As the person making the choice is unable to speak, physical behaviours such as reaching, touching, and picking up the item are watched to find out which they would like. Studies which use this method are usually done with people with dementia in their care home, and tailored to the individual taking part. While the researchers can find out what works best, it also means that people with dementia benefit directly from taking part in the study. Staff are also shown how to find out preferences – leading to immediate improvements in care.
Though it seems like a simple thing to put into practice, this “choice” method is not currently part of the UK care system. However, we have been testing to see whether it could be used in all care homes, to give everyone with dementia more choice in a place where it has traditionally been limited. By observing what people do rather than what they say, care staff can get a more objective idea of what people like, measure their preferences daily, track how they change, and – most importantly – give people with dementia and communication issues more of a voice in their daily lives.
Our work forms part of the first UK project of its kind in the field of behavioural gerontology. The preferences research is part of a series of studies all focused on using behaviour analysis to help improve the quality of life of people with dementia. In addition, students on Bangor University’s applied behaviour analysis programme are trained to specialise in this approach with older adults.
Though the project itself is due to go on for another year, we have already confirmed previous findings from US-based care home studies which showed that people with dementia prefer activities over food items when given a choice between them. For example, we found that people chose activities such as jigsaws, crosswords, and crochet over treats such as custard tarts and pork pies.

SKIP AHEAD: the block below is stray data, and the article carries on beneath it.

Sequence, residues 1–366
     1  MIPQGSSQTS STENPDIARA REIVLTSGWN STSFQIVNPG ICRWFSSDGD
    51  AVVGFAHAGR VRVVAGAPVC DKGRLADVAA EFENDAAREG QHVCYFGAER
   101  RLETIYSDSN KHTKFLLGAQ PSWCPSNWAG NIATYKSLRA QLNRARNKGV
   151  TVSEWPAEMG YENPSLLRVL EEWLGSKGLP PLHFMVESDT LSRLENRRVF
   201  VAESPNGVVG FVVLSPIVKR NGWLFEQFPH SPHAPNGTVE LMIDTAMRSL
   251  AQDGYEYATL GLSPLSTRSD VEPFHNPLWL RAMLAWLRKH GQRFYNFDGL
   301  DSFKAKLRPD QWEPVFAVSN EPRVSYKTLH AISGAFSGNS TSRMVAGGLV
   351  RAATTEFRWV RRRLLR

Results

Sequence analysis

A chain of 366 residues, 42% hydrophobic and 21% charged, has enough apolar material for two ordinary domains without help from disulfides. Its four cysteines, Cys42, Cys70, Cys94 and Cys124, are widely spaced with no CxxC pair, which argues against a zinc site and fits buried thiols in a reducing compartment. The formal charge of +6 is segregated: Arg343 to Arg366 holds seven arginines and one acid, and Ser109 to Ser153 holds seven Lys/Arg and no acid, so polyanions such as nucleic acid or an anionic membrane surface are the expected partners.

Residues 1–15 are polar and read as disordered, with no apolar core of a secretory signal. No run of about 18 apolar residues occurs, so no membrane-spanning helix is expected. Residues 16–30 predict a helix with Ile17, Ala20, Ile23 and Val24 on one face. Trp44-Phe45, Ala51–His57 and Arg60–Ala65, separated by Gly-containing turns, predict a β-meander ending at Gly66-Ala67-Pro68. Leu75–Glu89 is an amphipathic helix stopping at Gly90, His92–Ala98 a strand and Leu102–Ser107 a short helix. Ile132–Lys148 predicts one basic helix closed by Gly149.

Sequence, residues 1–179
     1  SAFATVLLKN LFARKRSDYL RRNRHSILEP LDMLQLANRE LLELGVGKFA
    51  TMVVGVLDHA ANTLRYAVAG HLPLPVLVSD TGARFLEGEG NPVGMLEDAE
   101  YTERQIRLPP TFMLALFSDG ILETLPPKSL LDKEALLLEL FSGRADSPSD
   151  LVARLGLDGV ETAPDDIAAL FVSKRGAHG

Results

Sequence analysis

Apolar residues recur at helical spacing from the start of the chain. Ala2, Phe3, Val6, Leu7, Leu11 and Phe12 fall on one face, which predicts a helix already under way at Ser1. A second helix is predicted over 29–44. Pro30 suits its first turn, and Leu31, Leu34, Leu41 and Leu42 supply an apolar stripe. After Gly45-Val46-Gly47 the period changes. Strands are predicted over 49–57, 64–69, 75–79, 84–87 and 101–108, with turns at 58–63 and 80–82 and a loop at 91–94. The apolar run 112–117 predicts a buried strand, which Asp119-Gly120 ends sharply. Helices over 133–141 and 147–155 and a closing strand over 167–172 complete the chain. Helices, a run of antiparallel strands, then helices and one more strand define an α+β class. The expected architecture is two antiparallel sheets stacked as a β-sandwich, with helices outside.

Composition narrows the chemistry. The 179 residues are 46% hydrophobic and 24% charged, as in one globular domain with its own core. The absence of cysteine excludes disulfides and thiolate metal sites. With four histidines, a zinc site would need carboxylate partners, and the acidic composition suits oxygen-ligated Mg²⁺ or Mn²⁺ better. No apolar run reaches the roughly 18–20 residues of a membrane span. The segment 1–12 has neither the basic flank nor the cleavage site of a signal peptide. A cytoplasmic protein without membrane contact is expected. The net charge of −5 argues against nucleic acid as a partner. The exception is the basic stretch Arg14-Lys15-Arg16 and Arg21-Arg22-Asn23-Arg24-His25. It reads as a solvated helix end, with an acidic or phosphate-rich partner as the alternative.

This might be because one risk for people with dementia in long-term care is that they can spend a lot of time unengaged. It can be difficult to find lots of meaningful activities for care settings, and opportunities for conversation can be reduced. So activities become more valuable because they give people something to do and to talk about with other people, while food might become less valuable due to sensory changes associated with dementia such as changes in ability to taste and swallow.
Putting this into practice, we now know that if a person with dementia is to be given food and activity choices, they should be done separately – rather than at the same time, like the biscuit and scone example – as preference for taking part in an activity might overshadow a food choice. In the long run, this means that staff don’t learn what people’s food preferences are, too.
For the next stage of our research, we are going to work with people with developmental disabilities (for example, Down Syndrome) who develop dementia. People with developmental disabilities often develop dementia at a younger age, and are more likely to develop it than those who do not have a developmental disability. They are often diagnosed late, too, due to “diagnostic overshadowing”, where changes in behaviour are attributed to their disability rather than dementia.
Previous research has found that people with developmental disabilities will often choose food over activities when a choice between the two is offered (the opposite of people with dementia). However, no one has yet looked at whether this preference shifts when people with developmental disabilities develop dementia. If we know how preferences change, we can ensure that care settings tailor their support.
We all value having choices, and our work is focused on evaluating and developing ways to ensure that people with dementia and developmental disabilities continue to be offered choices, even in the smallest of ways.
The authors do not work for, consult, own shares in or receive funding from any company or organisation that would benefit from this article, and have disclosed no relevant affiliations beyond their academic appointment.
Prince Charles: the conventions that will stop him from meddling as King